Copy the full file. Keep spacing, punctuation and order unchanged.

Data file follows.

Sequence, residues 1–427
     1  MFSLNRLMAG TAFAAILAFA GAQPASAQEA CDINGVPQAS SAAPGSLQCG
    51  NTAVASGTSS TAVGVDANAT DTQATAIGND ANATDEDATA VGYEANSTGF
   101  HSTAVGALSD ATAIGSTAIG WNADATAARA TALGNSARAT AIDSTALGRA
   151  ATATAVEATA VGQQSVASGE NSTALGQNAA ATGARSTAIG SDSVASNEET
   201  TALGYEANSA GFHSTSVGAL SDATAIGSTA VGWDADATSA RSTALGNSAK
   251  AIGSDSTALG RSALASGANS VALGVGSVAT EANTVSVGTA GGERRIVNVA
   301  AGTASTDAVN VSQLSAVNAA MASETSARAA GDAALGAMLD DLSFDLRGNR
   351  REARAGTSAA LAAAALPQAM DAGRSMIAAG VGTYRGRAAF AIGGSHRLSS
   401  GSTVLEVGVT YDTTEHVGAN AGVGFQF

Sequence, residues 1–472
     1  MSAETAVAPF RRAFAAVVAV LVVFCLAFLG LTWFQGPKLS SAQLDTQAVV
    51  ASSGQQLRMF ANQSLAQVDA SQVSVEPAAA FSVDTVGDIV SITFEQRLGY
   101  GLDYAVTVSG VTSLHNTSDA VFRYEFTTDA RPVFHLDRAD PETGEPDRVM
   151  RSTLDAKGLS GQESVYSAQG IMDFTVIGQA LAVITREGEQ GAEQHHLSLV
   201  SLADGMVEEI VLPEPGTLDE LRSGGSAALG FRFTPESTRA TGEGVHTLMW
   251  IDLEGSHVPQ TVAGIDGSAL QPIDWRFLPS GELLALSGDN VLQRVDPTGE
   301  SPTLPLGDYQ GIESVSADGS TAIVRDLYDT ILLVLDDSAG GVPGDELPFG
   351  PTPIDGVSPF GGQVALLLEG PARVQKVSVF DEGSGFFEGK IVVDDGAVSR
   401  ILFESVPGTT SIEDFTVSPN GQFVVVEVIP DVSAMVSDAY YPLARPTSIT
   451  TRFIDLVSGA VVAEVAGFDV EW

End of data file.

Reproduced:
Sequence, residues 1–427
     1  MFSLNRLMAG TAFAAILAFA GAQPASAQEA CDINGVPQAS SAAPGSLQCG
    51  NTAVASGTSS TAVGVDANAT DTQATAIGND ANATDEDATA VGYEANSTGF
   101  HSTAVGALSD ATAIGSTAIG WNADATAARA TALGNSARAT AIDSTALGRA
   151  ATATAVEATA VGQQSVASGE NSTALGQNAA ATGARSTAIG SDSVASNEET
   201  TALGYEANSA GFHSTSVGAL SDATAIGSTA VGWDADATSA RSTALGNSAK
   251  AIGSDSTALG RSALASGANS VALGVGSVAT EANTVSVGTA GGERRIVNVA
   301  AGTASTDAVN VSQLSAVNAA MASETSARAA GDAALGAMLD DLSFDLRGNR
   351  REARAGTSAA LAAAALPQAM DAGRSMIAAG VGTYRGRAAF AIGGSHRLSS
   401  GSTVLEVGVT YDTTEHVGAN AGVGFQF

Sequence, residues 1–472
     1  MSAETAVAPF RRAFAAVVAV LVVFCLAFLG LTWFQGPKLS SAQLDTQAVV
    51  ASSGQQLRMF ANQSLAQVDA SQVSVEPAAA FSVDTVGDIV SITFEQRLGY
   101  GLDYAVTVSG VTSLHNTSDA VFRYEFTTDA RPVFHLDRAD PETGEPDRVM
   151  RSTLDAKGLS GQESVYSAQG IMDFTVIGQA LAVITREGEQ GAEQHHLSLV
   201  SLADGMVEEI VLPEPGTLDE LRSGGSAALG FRFTPESTRA TGEGVHTLMW
   251  IDLEGSHVPQ TVAGIDGSAL QPIDWRFLPS GELLALSGDN VLQRVDPTGE
   301  SPTLPLGDYQ GIESVSADGS TAIVRDLYDT ILLVLDDSAG GVPGDELPFG
   351  PTPIDGVSPF GGQVALLLEG PARVQKVSVF DEGSGFFEGK IVVDDGAVSR
   401  ILFESVPGTT SIEDFTVSPN GQFVVVEVIP DVSAMVSDAY YPLARPTSIT
   451  TRFIDLVSGA VVAEVAGFDV EW